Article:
Chernobyl’s IFS-2 milestone

21 July 2021

On 26 April 2021, thirty-five years from the day the accident struck Chernobyl, Ukraine made history by opening the site’s interim storage facility (ISF-2) for spent nuclear fuel, NEI reports

DURING OPERATION OF CHERNOBYL 1-3 from 1977 to 2000, more than 21,000 used RBMK fuel assemblies accumulated at the station. They are now stored in the ISF-1 wet used fuel storage facility. But ISF-1 was not designed for long- term fuel storage, and its service life expires in 2035. All the stored assemblies must be transported from IFS-1 to a new dry storage facility, IFS-2, using a special transport container.

Construction of the ISF-2 facility was funded by an international donor fund, the Nuclear Safety Account, managed by the European Bank for Reconstruction and Development (EBRD). ISF-2 cost €400 million and was financed with contributions from Belgium, Canada, Denmark, the European Union, Finland, France, Germany, Italy, Japan, the Netherlands, Norway, Russia, Sweden, Switzerland, Ukraine, the UK and the USA.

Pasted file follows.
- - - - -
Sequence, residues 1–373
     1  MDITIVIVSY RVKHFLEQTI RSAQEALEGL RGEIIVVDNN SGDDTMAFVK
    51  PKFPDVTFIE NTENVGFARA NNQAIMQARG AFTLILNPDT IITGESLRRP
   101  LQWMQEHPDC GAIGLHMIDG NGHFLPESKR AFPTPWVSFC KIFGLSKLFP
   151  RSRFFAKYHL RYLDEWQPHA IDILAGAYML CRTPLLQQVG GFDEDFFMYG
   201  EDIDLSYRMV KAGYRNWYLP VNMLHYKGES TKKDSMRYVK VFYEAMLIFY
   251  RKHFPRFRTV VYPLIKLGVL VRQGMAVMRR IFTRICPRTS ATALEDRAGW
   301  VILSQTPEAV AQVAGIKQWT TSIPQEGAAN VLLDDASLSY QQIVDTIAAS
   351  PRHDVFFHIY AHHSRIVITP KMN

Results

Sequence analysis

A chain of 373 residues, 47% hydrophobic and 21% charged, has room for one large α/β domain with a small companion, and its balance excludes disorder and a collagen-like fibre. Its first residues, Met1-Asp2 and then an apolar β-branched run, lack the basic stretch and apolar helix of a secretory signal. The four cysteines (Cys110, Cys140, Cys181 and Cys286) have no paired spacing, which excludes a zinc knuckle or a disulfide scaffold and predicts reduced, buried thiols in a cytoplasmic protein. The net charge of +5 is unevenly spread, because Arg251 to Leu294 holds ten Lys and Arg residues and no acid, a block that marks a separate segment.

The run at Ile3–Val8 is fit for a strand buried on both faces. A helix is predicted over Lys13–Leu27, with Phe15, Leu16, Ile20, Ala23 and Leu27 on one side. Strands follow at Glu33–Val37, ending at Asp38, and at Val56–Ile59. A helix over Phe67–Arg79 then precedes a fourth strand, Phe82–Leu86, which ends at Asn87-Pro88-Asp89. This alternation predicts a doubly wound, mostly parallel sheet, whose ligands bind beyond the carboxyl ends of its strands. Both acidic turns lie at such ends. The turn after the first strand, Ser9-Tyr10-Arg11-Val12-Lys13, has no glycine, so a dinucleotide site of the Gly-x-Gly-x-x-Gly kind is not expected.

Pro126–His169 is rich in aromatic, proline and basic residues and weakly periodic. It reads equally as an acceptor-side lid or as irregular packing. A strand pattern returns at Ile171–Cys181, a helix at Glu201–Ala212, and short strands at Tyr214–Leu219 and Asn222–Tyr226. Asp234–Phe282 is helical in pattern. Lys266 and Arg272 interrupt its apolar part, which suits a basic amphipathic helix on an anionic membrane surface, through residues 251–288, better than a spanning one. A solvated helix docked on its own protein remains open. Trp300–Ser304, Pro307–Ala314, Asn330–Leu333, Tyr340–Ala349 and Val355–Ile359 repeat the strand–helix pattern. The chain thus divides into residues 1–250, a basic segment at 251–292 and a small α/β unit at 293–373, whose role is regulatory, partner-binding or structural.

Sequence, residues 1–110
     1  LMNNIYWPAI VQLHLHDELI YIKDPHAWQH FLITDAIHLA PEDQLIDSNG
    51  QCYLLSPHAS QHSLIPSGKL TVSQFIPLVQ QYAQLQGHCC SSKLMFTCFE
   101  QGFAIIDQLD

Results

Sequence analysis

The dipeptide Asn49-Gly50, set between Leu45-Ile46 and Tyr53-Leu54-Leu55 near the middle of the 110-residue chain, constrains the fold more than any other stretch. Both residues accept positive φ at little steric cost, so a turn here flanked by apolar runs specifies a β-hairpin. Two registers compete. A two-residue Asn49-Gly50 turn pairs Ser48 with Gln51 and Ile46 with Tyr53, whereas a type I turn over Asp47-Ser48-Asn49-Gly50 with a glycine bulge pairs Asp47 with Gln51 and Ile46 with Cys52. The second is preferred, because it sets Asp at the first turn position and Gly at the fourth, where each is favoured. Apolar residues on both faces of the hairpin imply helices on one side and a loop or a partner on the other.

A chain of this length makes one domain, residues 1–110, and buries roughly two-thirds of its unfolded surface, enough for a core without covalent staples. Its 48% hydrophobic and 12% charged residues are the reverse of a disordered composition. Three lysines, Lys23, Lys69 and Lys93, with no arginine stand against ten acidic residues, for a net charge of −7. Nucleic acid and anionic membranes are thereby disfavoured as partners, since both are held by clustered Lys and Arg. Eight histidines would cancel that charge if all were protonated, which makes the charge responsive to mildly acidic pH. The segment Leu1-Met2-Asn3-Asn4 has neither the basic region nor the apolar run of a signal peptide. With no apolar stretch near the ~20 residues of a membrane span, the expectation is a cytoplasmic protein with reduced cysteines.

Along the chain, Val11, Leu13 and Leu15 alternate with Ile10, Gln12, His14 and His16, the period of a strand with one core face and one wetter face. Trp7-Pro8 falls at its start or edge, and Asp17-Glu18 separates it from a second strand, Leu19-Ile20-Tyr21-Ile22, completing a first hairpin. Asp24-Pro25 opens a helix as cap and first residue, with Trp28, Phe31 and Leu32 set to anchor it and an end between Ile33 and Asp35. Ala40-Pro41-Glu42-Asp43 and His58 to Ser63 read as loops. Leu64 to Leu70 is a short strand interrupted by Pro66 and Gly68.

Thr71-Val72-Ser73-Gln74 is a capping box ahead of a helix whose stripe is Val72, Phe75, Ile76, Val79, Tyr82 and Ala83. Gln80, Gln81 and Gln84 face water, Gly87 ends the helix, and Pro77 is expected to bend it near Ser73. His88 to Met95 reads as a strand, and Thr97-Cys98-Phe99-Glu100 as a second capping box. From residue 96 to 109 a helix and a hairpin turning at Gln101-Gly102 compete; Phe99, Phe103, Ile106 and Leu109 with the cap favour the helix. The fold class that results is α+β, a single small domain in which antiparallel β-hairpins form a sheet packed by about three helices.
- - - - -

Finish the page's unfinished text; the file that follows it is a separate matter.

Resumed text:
The project began in the late 1990s but was stalled when the technology provided was shown to be inadequate to meet the facility’s functional and regulatory requirements. US-based Holtec took over the IFS-2 project in 2011, after demonstrating to the EBRD and State Nuclear Regulatory Inspectorate of Ukraine (SNRIU) that it had the technologies to deal with Chernobyl’s RBMK fuel. Holtec then started work to develop a fully functional store using the legacy systems, structures and components supplied by Areva, and by acquiring replacement systems from France, Germany, Italy, the USA and elsewhere.

Holtec handed over the ISF-2 complex to the owner, Chernobyl Nuclear Power Plant, in December 2019. In September the following year it received a permit to carry out hot testing of the facility. Hot testing was completed on 14 December 2020, after the second double-walled shielded canister (DWC) was loaded into the IFS-2. The first canister had been placed in storage on 18 November.

“With the successful transfer of the first two filled DWCs to ISF-2 in November — December 2020 and the licence for operation provided by Ukraine’s Nuclear Regulatory Inspectorate on 26 April 2021, 35 years from the day the horrendous accident struck Chernobyl, we commissioned one of the world’s largest and most complex dry interim storage facilities,” said Riaz Awan, vice president for Ukraine Operations at Holtec.